Editing Ellon (Bellscamphie) - locality, Cainozoic of north-east Scotland

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The only information on the age of the Pitlurg Till is provided by amino-acid ratios of contained shell fragments. As argued above, these data suggest that the till is no older than Ipswichian in age and do not rule out formation during an early phase of the Late Devensian, in which case it is probably equivalent to the Whitehills Glacigenic Formation [[Media:P915347.png|(P915347)]]. More dates are needed to resolve the age of this deposit. The ‘indigo boulder clay’ has traditionally been correlated with other dark grey clayey tills and erratics found beneath, or incorporated into, tills of inland derivation and probable Devensian age (Jamieson, 1906; Hall, 1984a). An OIS 6 age has been suggested for these deposits (Hall and Connell, 1991). One of them, the Benholm Clay Formation, at [[Burn of Benholm - locality, Cainozoic of north-east Scotland|Burn of Benholm]] (Site 26), is almost certainly pre-Devensian in age. Thus it would seem that blue-grey tills were laid down both in the Late Devensian and also before the Ipswichian, probably in OIS 6.
 
The only information on the age of the Pitlurg Till is provided by amino-acid ratios of contained shell fragments. As argued above, these data suggest that the till is no older than Ipswichian in age and do not rule out formation during an early phase of the Late Devensian, in which case it is probably equivalent to the Whitehills Glacigenic Formation [[Media:P915347.png|(P915347)]]. More dates are needed to resolve the age of this deposit. The ‘indigo boulder clay’ has traditionally been correlated with other dark grey clayey tills and erratics found beneath, or incorporated into, tills of inland derivation and probable Devensian age (Jamieson, 1906; Hall, 1984a). An OIS 6 age has been suggested for these deposits (Hall and Connell, 1991). One of them, the Benholm Clay Formation, at [[Burn of Benholm - locality, Cainozoic of north-east Scotland|Burn of Benholm]] (Site 26), is almost certainly pre-Devensian in age. Thus it would seem that blue-grey tills were laid down both in the Late Devensian and also before the Ipswichian, probably in OIS 6.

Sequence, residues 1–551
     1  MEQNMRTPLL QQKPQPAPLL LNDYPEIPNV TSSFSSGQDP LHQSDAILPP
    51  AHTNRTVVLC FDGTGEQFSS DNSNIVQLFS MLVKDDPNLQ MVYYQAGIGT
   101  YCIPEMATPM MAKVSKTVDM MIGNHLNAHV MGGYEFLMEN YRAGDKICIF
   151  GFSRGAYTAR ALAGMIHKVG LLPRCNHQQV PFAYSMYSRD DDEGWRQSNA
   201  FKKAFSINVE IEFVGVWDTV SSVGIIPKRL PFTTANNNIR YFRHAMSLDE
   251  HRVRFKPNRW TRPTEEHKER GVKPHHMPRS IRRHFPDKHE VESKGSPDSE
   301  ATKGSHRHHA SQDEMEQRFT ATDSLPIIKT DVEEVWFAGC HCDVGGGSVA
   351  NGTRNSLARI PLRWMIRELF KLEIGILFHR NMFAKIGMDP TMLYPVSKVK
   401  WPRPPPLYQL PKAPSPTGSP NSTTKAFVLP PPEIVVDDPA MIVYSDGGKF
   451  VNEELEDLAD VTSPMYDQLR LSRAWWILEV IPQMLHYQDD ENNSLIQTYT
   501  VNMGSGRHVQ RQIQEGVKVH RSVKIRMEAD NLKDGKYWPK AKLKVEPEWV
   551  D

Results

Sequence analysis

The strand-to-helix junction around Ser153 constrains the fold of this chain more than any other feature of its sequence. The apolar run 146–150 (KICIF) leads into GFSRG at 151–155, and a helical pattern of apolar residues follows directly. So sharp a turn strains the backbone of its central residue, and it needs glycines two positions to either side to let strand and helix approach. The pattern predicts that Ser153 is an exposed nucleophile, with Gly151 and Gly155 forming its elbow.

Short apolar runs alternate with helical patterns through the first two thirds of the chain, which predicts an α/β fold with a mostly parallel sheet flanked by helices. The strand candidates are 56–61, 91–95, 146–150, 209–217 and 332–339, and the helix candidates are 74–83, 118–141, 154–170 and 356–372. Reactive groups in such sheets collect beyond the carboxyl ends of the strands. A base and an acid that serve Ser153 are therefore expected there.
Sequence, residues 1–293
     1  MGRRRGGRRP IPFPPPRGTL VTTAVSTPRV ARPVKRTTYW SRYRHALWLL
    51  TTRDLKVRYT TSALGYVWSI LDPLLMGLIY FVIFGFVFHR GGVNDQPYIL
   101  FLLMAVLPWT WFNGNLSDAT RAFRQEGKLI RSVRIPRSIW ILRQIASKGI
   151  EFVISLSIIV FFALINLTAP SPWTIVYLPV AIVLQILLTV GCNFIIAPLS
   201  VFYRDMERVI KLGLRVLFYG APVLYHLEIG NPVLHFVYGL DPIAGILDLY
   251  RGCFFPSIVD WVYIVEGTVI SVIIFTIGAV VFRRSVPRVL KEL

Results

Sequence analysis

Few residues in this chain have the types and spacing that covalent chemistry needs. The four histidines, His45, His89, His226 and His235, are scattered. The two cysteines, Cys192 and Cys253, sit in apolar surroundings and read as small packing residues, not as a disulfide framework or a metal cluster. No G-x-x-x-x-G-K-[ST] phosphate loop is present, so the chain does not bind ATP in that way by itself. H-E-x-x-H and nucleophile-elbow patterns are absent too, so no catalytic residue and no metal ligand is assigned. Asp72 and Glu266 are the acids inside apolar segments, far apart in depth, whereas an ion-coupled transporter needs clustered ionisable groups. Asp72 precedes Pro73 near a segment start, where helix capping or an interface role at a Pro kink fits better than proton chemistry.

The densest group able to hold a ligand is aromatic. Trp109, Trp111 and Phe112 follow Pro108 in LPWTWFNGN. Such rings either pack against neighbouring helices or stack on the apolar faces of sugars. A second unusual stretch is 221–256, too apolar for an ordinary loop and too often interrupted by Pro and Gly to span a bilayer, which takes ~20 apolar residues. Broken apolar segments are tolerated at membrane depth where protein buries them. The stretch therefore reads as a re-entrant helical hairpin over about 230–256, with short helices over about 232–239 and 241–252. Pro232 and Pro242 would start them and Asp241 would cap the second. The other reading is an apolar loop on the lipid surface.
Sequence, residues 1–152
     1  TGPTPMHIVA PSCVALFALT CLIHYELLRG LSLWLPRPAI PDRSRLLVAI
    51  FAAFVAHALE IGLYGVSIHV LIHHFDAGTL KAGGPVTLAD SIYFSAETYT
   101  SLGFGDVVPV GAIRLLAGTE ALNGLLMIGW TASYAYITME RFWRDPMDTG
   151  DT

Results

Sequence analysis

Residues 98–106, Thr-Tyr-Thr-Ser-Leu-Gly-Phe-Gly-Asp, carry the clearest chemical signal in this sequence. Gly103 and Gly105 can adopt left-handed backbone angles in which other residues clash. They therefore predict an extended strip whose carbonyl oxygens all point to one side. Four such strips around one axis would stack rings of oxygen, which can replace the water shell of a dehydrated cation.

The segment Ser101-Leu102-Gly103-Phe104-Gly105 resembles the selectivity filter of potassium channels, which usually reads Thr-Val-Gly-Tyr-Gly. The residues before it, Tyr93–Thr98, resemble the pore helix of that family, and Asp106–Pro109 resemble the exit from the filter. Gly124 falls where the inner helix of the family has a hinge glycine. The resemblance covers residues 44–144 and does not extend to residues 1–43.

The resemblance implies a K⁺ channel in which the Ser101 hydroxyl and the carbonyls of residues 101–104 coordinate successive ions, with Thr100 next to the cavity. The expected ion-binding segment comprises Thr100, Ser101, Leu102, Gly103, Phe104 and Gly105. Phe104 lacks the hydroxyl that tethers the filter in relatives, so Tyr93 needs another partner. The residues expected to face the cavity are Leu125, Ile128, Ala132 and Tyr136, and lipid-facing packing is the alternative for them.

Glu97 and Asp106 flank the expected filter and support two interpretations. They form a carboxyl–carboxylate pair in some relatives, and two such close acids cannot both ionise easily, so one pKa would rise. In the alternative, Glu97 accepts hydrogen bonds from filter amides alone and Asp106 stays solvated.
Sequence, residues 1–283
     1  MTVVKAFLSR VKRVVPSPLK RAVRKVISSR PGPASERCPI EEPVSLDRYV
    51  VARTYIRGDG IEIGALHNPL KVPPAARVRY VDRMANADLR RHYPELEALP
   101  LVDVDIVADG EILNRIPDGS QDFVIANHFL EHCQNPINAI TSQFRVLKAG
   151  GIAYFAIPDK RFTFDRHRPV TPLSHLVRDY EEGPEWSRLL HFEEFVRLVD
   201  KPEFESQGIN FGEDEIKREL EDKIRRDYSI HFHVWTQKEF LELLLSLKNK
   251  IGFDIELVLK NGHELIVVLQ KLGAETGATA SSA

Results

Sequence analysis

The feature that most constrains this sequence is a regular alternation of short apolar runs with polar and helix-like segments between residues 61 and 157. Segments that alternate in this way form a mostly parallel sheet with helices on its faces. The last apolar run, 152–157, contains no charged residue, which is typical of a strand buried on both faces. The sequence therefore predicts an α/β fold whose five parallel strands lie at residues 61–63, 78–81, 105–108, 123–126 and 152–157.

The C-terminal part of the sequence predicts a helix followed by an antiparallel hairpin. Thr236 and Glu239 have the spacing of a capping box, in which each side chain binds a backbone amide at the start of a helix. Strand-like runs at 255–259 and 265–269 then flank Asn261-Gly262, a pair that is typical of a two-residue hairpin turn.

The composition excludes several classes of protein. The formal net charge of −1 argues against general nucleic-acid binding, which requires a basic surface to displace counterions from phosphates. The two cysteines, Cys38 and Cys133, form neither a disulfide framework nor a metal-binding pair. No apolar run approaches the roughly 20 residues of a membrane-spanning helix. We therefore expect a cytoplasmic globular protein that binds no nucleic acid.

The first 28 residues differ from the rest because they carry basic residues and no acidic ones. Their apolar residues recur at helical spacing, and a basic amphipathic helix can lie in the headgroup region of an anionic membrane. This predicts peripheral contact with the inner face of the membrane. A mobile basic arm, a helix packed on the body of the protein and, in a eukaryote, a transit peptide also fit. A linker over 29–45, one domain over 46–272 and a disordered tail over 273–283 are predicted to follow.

The Bellscamphie Till rests on bedrock and is the oldest till in the immediate area. It was deposited by ice moving from the north-west or west. Possible correlative deposits in the Ellon area are the thin tills of inland derivation that rest on bedrock and underlie dark grey clayey till east of Hatton and underlie the Tillybrex Gravels at Tillybrex (Merritt, 1981) [[Media:P915319.png|(P915319)]]. Farther afield, it probably correlates with one of the two pre-Devensian tills of inland derivation at Kirkhill (Hall and Connell, 1991) and with the Camp Fauld Till on the Moss of Cruden (Whittington et al., 1993).
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The Bellscamphie Till rests on bedrock and is the oldest till in the immediate area. It was deposited by ice moving from the north-west or west. Possible correlative deposits in the Ellon area are the thin tills of inland derivation that rest on bedrock and underlie dark grey clayey till east of Hatton and underlie the Tillybrex Gravels at Tillybrex (Merritt, 1981) (P915319). Farther afield, it probably correlates with one of the two pre-Devensian tills of inland derivation at Kirkhill (Hall and Connell, 1991) and with the Camp Fauld Till on the Moss of Cruden (Whittington et al., 1993).
  
 
== References ==
 
== References ==

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